A rather uneventful night in the tent this time. No wild animals passed through, despite the repeated warnings of the guides that bushpigs, zebra and the like could come if we left food in our tent. I almost wished I had, just to tempt them. It was cold in the morning, and I woke up shivering at 6am before heading to breakfast. Lawrence had again done a very good job indeed, it was beans on toast this time, with pancakes, toast and Kilimanjaro tea.
We set off at 7:30 for the drive down to the crater floor. The views were very impressive. Some Maasai were there selling things, and I decided to buy a Massai club, elaborately decorated with multi-coloured beads. It had a heavy club end, and could certainly do some serious damage if you hit someone with it. One Masaai tried flogging me his own dagger and sword, and his stick. The club was enough, for now, and it cost 30,000TZShillings. A few photos later, and we were ready to go.
The blue-green vistas were amazing as we descended into the 20km wide caldera. Here, an outstanding variety of animals dwell, and grasslands, swamps, forests, saltpans, and a freshwater lake are all within its walls. The first animals we saw, however, weren’t wild at all. Cows, long lines of them, were being driven in search of grass in the parched lands by the nomadic Masaai, who wander far and wide with their animals each day, and never carry water.
Wildlife down here was thin on the ground to begin with. Then, we saw a number of zebras. We spotted large herds of wildebeest, loads of warthogs, kneeling down and thrusting their noses into the earth rather comically; ostriches striding the plains; lions, jackels and hyenas loitering near a half-ravaged buffalo carcass, waiting to scavenge after the safari trucks had gone.
It was fascinating down here, though at times it was spoiled when almost 15 safari jeeps would gather around an area, which happened when we saw a lion and also a rare black rhino. After seeing the rhino, In had now seen 4 of the ‘Big 5’, with only the leopard eluding me.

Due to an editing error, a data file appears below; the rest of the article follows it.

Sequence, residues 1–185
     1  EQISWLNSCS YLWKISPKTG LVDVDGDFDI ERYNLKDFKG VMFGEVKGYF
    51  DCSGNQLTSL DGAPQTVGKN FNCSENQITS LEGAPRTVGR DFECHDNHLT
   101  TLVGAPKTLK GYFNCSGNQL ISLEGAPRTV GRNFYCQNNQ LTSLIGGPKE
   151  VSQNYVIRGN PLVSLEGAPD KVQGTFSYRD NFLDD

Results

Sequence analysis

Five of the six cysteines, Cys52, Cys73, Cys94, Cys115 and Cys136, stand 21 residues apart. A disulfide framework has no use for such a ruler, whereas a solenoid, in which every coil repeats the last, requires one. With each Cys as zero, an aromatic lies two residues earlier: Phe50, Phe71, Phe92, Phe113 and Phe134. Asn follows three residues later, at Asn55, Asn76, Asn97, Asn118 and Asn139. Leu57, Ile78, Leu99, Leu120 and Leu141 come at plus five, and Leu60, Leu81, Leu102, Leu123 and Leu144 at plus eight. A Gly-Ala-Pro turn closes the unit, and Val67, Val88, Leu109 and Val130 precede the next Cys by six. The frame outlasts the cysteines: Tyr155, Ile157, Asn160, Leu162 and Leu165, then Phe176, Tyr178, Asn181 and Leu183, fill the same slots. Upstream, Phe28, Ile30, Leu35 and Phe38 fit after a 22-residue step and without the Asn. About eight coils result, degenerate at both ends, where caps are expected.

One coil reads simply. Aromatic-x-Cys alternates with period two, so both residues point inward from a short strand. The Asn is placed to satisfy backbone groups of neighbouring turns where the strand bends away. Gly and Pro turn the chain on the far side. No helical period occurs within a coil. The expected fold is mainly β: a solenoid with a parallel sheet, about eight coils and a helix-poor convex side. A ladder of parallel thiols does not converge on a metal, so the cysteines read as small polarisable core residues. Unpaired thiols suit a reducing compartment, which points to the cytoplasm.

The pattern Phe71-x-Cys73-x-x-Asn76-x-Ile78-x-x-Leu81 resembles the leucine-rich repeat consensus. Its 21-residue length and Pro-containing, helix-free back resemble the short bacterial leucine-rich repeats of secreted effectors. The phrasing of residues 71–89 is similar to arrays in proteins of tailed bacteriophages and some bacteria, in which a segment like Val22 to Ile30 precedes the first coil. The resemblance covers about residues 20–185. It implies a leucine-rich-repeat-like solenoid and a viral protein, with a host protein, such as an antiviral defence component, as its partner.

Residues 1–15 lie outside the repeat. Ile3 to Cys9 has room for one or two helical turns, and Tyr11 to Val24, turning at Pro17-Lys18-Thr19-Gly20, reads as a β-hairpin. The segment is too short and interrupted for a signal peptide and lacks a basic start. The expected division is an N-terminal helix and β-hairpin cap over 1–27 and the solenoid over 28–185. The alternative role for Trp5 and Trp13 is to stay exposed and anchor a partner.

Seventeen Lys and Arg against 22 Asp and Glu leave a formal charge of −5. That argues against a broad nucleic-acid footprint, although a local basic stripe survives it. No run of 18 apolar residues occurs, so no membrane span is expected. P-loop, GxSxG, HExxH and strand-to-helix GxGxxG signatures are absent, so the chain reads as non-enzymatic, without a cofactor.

We stopped by a picturesque lake full of hippos, with elephants roaming in the background for lunch – a lovely setting, though eagles soared above, and swooped menacingly at the sight of food. Nothing is safe in the wild. We left the crater after a hair-raising drive up to the rim of the crater, a drive which again provided otherworldly and stunning vistas. I was incredibly impressed.
We drove back to Arusha. On the way, I changed some money into US $, and got $500 in total, enough, I reasoned, for my time in Rwanda. Back in Arusha, I once again stayed in Outpost Lodge, in room S4 this time. Baraka left for a while, returning at 8pm with a gang of friends – guides and porters on the Kilimanjaro trek. We all went to the Goat meat place again for a few beers. Lawrence was here too, with his quiet girlfriend. It was nice, we had a laugh, and a pleasant evening passed. Exhausted, I was in bed before midnight. A proper bed at last!